Kevin Gausman arrived in the Bay in 2020 with a 5.72 ERA and having pitched for three teams in the previous two years. He’s now leaving as one of the highest-paid starters in MLB.
Gausman and the Toronto Blue Jays agreed to a five-year, $110 million contract on Sunday night. ESPN’s Jeff Passan first broke the news. The right-hander turned his career around with the Giants, posting two marvelous seasons in San Francisco. And SF now has a Cy Young candidate-sized hole in its rotation.
In 2021, Gausman recorded a 2.81 ERA in a league-high 33 starts. He was even better than that in the first half, when his splitter worked magically; he had a 1.73 ERA before the All-Star break and held hitters to a .159 batting average.
Even with a down second half, Gausman still finished sixth in National League Cy Young Award voting. It was the first time in his nine-year career he received votes.
Gausman’s career arc is remarkable. In August of 2019, the Cincinnati Reds picked him up off waivers from the Atlanta Braves. Just over two years later, after helping the Giants to their winningest season in franchise history while battling his own personal challenges, he and his family are being rewarded with a generational contract.
For the Blue Jays, signing Gausman doesn’t come without risk. Gausman has a career ERA more similar to a third starter than an ace. The past two years may have been an outlier, and signs of slowing in August and September may portend poorly for the future.
But the warning signs didn’t scare away Toronto, who are in win-now mode. The $22 million average annual value for Gausman’s contract would make him the 11th most lucratively paid starter in MLB. He joins a rotation that includes José Berríos, Alex Manoah and Hyun-Jin Ryu in addition to a star-studded lineup that features Vladimir Guerrero, Bo Bichette and Teoscar Hernández.
Gausman and the Giants had mutual interest in a reunion, but Gausma told The Athletic in early November he thought he may have priced them out with his excellent production.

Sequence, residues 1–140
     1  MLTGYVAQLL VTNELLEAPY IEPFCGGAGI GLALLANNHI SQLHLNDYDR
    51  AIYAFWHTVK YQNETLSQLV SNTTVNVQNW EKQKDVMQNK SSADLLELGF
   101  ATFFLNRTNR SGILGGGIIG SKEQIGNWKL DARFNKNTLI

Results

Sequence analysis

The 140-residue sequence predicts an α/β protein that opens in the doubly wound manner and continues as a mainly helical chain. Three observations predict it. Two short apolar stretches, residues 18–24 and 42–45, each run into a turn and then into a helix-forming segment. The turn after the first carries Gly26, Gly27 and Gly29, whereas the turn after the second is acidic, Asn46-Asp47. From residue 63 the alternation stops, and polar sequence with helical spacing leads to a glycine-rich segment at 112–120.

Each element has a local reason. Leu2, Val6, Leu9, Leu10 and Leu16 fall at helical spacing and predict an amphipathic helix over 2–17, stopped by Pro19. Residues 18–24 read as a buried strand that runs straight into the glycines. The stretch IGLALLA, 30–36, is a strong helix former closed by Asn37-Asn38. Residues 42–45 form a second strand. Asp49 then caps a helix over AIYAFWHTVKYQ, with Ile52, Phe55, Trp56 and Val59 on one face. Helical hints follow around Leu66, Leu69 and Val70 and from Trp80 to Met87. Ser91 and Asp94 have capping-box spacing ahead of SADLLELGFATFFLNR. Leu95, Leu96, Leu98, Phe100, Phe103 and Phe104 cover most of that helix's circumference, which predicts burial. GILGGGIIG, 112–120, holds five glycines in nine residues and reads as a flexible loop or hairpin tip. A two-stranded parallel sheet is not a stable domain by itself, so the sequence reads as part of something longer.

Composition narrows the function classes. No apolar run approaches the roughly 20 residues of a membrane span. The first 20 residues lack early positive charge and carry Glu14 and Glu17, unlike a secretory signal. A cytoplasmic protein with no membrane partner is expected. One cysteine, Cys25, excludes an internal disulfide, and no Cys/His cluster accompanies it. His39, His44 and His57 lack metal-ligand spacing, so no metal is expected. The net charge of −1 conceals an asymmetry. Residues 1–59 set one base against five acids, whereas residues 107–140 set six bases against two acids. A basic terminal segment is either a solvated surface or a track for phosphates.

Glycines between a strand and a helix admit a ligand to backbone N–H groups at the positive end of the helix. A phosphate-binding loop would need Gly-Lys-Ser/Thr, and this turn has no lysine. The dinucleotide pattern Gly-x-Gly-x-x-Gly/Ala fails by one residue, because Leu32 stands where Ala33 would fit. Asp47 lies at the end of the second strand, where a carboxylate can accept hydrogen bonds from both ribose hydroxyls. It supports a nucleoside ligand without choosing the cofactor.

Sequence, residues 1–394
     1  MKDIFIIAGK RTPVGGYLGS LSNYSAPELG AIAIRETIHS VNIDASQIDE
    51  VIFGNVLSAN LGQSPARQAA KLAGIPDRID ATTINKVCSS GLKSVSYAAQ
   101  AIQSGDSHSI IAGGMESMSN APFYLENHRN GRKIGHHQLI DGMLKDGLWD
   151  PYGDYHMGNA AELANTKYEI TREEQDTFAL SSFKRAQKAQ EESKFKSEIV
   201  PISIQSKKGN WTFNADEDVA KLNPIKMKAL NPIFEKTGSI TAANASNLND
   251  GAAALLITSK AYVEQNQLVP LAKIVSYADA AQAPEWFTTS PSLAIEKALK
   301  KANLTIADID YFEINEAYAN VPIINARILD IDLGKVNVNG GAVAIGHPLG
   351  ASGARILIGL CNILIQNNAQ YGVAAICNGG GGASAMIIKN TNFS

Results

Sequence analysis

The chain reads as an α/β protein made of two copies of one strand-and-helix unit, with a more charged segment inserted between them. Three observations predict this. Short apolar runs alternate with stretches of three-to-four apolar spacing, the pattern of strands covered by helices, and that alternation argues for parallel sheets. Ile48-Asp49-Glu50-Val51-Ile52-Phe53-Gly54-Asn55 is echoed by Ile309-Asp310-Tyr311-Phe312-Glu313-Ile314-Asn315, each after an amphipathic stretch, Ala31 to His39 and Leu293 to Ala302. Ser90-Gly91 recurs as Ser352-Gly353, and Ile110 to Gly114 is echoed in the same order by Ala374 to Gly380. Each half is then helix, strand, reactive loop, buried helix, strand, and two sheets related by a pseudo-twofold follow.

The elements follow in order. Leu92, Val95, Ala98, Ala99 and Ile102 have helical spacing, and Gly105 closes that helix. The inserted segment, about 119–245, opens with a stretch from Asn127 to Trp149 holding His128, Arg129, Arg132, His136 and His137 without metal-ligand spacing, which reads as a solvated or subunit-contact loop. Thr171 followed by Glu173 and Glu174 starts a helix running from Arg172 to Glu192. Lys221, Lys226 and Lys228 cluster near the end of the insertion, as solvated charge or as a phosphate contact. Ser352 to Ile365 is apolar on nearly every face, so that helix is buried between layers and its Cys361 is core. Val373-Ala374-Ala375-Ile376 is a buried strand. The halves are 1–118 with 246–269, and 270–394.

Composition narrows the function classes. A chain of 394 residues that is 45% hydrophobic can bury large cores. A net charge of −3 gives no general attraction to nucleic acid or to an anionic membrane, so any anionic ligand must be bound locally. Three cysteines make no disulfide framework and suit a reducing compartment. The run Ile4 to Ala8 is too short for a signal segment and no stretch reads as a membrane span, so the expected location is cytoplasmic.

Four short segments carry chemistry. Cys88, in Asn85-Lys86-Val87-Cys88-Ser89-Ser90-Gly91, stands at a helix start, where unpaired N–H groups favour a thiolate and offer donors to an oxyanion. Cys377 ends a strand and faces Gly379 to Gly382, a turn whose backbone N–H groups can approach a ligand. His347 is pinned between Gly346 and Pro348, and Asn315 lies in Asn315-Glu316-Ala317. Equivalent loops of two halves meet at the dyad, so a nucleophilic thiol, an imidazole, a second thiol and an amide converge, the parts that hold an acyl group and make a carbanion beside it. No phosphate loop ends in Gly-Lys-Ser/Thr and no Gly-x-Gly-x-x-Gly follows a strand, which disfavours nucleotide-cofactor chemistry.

“To be honest, I don’t think the Giants expected me to pitch as well as I did this year,” Gausman said. “So I’m not putting my eggs into one basket. I’m trying to focus on what I can control right now, which is basically nothing. But yeah, I hope they’ll call me. And honestly, if they don’t, my feelings probably will be hurt because I felt I was a part of something special.”
San Francisco president of baseball operations has also historically avoided giving starting pitchers long-term, big money deals. Since joining the Giants, the biggest offer he’s divvied to a starter was the three-year deal SF and Anthony DeSclafani agreed to.
Signing a pitcher at such a high figure through his age-35 season is risky. But it’s also difficult to try to replace a Cy Young-level starter on the fly. Free agents still on the market include Max Scherzer — who has been linked to San Francisco — Marcus Stroman, Robbie Ray and Carlos Rodón. Each has their pros and cons, but none of the familiarity with the Giants organization that Gausman has.
Reacting to the news, Alex Wood — who has reportedly agreed to return to the Giants but the deal has yet to be finalized — tweeted in support of his former teammate.
“There are some people you play with in your career that are just genuinely amazing human beings. Gaus is one of those guys. The good guys do win and Toronto just got a baller.”